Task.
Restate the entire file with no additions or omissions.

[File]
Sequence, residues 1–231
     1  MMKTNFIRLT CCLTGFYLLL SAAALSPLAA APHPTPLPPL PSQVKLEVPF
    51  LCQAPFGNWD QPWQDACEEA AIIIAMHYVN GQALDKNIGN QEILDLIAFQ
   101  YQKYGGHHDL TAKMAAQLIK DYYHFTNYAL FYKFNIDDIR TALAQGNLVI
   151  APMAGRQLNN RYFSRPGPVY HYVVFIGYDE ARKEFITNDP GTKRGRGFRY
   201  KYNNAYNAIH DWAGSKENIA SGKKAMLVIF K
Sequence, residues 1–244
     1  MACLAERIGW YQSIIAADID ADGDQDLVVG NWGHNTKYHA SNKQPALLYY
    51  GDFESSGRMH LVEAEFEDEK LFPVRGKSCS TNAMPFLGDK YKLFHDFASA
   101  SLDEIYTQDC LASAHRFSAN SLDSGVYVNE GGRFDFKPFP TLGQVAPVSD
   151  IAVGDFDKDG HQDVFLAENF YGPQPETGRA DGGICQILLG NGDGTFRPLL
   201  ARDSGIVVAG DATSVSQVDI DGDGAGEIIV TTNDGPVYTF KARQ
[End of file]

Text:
Sequence, residues 1–231
     1  MMKTNFIRLT CCLTGFYLLL SAAALSPLAA APHPTPLPPL PSQVKLEVPF
    51  LCQAPFGNWD QPWQDACEEA AIIIAMHYVN GQALDKNIGN QEILDLIAFQ
   101  YQKYGGHHDL TAKMAAQLIK DYYHFTNYAL FYKFNIDDIR TALAQGNLVI
   151  APMAGRQLNN RYFSRPGPVY HYVVFIGYDE ARKEFITNDP GTKRGRGFRY
   201  KYNNAYNAIH DWAGSKENIA SGKKAMLVIF K
Sequence, residues 1–244
     1  MACLAERIGW YQSIIAADID ADGDQDLVVG NWGHNTKYHA SNKQPALLYY
    51  GDFESSGRMH LVEAEFEDEK LFPVRGKSCS TNAMPFLGDK YKLFHDFASA
   101  SLDEIYTQDC LASAHRFSAN SLDSGVYVNE GGRFDFKPFP TLGQVAPVSD
   151  IAVGDFDKDG HQDVFLAENF YGPQPETGRA DGGICQILLG NGDGTFRPLL
   201  ARDSGIVVAG DATSVSQVDI DGDGAGEIIV TTNDGPVYTF KARQ